In honor of National Volunteer Month this April, we’re featuring some of our volunteers on our blog, and today we’d like to introduce you to Susan!
Susan started as a volunteer at Legal Hand in August 2018, but then asked for even more ways to get involved. So she started volunteering with Neighbors in Action as well! Not only can you find her at Legal Hand helping people get housing repairs, applying to jobs, and even fixing cell phones, but you’ll also catch her at our main office at 256 Kingston helping with different odd jobs, like reconciling expenses or folding t-shirts.
What’s a fun fact about yourself?
Until I broke my leg, I was a runner. My last marathon was in 2011; my last half marathon was 2016, and in 2017 I ran 10 miles. I walked six miles Saturday so hopefully by the summer I’ll be able to run again. I want to run after my grandkids!
Do you have any good stories from your time working here?
People have sang to me. I find I just don’t remember every single case. It all becomes one in my head, but I leave here and I leave the community with a feeling like I’ve really helped someone. Very often it’s stuff that maybe they could do for themselves. But they need support, and if it happened to me, I would need support… It could be small things; it doesn’t have to be huge problem solving. I’ve done some problem solving also.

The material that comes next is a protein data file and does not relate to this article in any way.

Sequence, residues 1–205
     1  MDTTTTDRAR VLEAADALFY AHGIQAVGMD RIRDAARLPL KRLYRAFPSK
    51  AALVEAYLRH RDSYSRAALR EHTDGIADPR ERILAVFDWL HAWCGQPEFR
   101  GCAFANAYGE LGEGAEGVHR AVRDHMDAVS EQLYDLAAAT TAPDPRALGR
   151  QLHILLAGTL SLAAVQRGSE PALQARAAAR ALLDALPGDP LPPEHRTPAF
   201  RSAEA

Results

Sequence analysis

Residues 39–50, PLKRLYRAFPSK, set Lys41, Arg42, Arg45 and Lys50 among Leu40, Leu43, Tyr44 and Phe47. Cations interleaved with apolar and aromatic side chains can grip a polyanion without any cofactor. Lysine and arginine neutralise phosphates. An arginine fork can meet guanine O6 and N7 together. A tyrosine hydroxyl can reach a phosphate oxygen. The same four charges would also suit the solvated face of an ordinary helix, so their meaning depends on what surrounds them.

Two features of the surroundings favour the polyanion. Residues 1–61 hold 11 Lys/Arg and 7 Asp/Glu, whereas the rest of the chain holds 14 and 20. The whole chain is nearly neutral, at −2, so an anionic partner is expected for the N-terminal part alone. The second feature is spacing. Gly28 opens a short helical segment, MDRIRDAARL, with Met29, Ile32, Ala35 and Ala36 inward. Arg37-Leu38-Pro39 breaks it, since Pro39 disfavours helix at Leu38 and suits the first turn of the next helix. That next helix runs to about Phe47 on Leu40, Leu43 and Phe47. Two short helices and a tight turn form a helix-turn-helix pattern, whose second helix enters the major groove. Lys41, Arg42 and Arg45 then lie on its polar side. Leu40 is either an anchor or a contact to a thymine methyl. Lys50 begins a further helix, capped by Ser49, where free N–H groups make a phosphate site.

What are some of the small things you’ve helped people with?
I’m always doing small things… Yesterday I helped someone with getting a formalized housing repair procedure initiated. [A Legal Hand visitor may] talk to the housing manager, they don’t do anything, they don’t call back. [The visitor may] ask for an exterminator, they don’t come. So you start with a letter, you go to the website and find the list, and you start together on the process. I drafted a letter and it got sent off… [The visitor] can come back if needed. These aren’t big stories, but people come in with messes and they don’t know where to turn or what to do.
Why should someone volunteer?
If they’re looking for creative, socially-relevant, productive work, they can volunteer. I know there are people who do not have the time; they have to earn money, but if they can spare the time… Especially for younger people—it’s great on a resume, and you get all kinds of skills: people skills, research skills, life skills in handling bureaucracies, and negotiation skills. And for people like me—retired, and have a pension—and they can volunteer, it’s the best thing in the world to do with your time. The relationship isn’t like your average paying job, where everyone’s on your neck about not being fast enough or making mistakes. It’s a very decent work situation here and a community with advocates. People are always ready to help, people are friendly, supportive—it’s a wonderful work environment. And there’s coffee! And the coffee is delicious. I do it for the coffee. It matters a lot to me.
[Legal Hand visitor chimes in and says to Susan, “You’re young in heart and young in mind! You have an elephant memory.”]
There’s such wonderful feedback. People are very grateful.